Friday, January 05, 2007

Here's An Idea

One of our members in LaGrange is a retired businessman, leader in the church, grandfather, and concerned Christian. He is also involved in several community activities, and has come up with a great idea to share Christ with other people. It is so good and so simple, I thought you might like to hear about it.

About a year ago this man volunteered as a "Big Brother" with the local chapter of Big Brothers and Big Sisters. He learned that here was a tremendous waiting list of kids wanting someone to share their time and help mentor them. So, he signed up, made it through the background check, and was assigned a "little brother," an 11 year old boy who needed a little encouragement. Now the two spend between 1 and 2 hours a week together, and are forming a close relationship. They go out to eat, they go to the lake and walk along the shore, they go to a little league game, or they might just go to the library. The point is, they can do just about anytime, and it is up to the Big Brother to decide how much time and how much money is spent. Through that relationship, he is also able to influence the family, invite them to church, and introduce them to our community of faith. In fact, this man was honored as the "Big Brother of the Year" by our local chapter.

So, we have decided to rally our congregation and attempt to flood Big Brothers & Big Sisters with volunteers, and here's why:

1. They do all the paperwork.
2. We don't have to appoint a deacon or ministry leader to keep up with stats, number of visits, etc.
3. There is absolutely no expense to the church, no printed materials, not even an annual dinner -- the organization does that.
4. Anybody can do it.
5. Volunteers get to determine the age and race of the kids they want to help.
6. The parents of these kids have asked for this help.
7. Schedules are flexible -- if the volunteer has to be out of town, or something else comes up, you just call and reschedule.
8. The parents agree in writing that they can deny access on a weekly basis as punishment for anything the child has done.
9. Sunday school, youth events, VBS, camp, etc. can all be part of the relationship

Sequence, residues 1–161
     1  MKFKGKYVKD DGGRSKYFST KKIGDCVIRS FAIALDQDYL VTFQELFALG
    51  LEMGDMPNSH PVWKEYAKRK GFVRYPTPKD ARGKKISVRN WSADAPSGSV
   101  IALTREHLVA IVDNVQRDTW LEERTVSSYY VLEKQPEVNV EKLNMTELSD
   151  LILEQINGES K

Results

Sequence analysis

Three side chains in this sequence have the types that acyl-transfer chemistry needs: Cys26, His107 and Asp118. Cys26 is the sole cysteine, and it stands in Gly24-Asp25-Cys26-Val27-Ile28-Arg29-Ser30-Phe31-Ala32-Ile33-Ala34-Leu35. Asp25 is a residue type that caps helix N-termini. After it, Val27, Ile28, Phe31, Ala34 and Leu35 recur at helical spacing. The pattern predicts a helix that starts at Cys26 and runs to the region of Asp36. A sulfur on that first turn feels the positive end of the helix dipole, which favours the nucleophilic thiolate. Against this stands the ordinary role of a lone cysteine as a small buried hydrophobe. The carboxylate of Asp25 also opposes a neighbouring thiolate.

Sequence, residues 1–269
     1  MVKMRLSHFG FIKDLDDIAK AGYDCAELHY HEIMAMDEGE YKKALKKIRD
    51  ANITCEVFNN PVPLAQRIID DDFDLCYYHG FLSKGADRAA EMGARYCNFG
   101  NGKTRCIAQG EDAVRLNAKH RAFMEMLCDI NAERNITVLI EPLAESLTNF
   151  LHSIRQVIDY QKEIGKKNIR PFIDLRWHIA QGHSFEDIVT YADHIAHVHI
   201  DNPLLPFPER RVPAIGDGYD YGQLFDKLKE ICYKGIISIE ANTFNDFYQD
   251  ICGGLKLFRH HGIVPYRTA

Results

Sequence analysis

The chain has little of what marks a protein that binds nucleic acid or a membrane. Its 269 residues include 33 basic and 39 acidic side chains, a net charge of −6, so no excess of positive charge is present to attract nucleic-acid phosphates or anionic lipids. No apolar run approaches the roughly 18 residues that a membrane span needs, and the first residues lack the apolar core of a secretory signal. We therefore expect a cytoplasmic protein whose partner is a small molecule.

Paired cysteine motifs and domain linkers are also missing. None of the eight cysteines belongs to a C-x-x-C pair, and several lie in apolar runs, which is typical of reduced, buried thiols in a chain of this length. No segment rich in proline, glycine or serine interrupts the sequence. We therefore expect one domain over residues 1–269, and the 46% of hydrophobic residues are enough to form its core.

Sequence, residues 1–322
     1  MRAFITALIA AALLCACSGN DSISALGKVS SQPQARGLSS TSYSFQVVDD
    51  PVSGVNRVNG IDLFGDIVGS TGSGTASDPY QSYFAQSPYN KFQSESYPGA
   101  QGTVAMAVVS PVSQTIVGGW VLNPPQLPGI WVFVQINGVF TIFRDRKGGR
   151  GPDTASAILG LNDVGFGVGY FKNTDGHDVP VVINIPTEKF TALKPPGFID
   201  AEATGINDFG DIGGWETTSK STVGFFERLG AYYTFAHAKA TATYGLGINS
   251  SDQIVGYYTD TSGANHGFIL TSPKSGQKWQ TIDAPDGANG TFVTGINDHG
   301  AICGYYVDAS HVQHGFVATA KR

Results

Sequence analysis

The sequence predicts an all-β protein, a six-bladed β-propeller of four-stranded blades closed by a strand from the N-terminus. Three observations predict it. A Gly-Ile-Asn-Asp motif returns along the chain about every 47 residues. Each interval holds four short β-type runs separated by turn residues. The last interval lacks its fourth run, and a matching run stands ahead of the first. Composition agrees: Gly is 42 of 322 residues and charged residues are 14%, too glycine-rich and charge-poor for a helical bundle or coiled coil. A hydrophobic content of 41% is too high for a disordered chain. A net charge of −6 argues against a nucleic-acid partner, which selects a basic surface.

10. The relationship with the child gives open access for the volunteer to build a relationship with the parents that may create a door of opportunity for evangelism.

You get the idea. Also, it is important to note that social scientist now say that the vast majority of children will never rise above the expectations they have for their futures past the age of 11.

If you are looking for a new idea for local outreach, look into Big Brothers & Big Sisters. You can click on the title of this article for a link (assuming I did it right) to find a chapter near you.

Wednesday, January 03, 2007

Maybe This is Why the Argument Rages

I seem to have myself in a foggy place the past two months. This whole music thing has me in a tizzy. It is not that I do not understand the arguments, or that I want to embarrass someone -- its just that it is so hard to get a straight answer any more. I have been on a quest trying to find someone who can explain certain things to me, and I have had no success (maybe people think these are trick questions!?!).

Here they are:

1. On October 16, 2006 I asked how it could be that we could infer from Eph. 5 & Col. 3 that instrumental music in worship is wrong when those passages are so solidly in the context of daily Christian attitude and behavior, and have nothing to do with corporate worship? I got a lot of comments, no explanation from those who oppose IM.

2. On the "Argument of Silience," I keep wondering several things:
a. Where did it come from? Who thought it up?

b. What biblical authority do we have to apply it only to the subject of instrumental music in the church? In fact, what authority do we have to apply it to anything at all? If it is so "self-evident", then why all the division?

c. If it does apply to other subjects, why doesn't that list include things like multiple cups in communion, church buildings, fellowship centers, orphans' homes, etc.? And who decides?

d. If the argument of silence is so true and so powerful, why didn't Jesus give it weight and power by criticizing the use wine during the Passover (not authorized by God), attending synagogues (not authorized by God), and/or celebrating Hanukkah (not authorized by God)? In fact, quite the opposite is true. Jesus used wine at the Passover, he attended and taught at the synagogues (never attacking the institution's right to exist), and he celebrated, or at least attended without condemning, Hanukkah in John 10.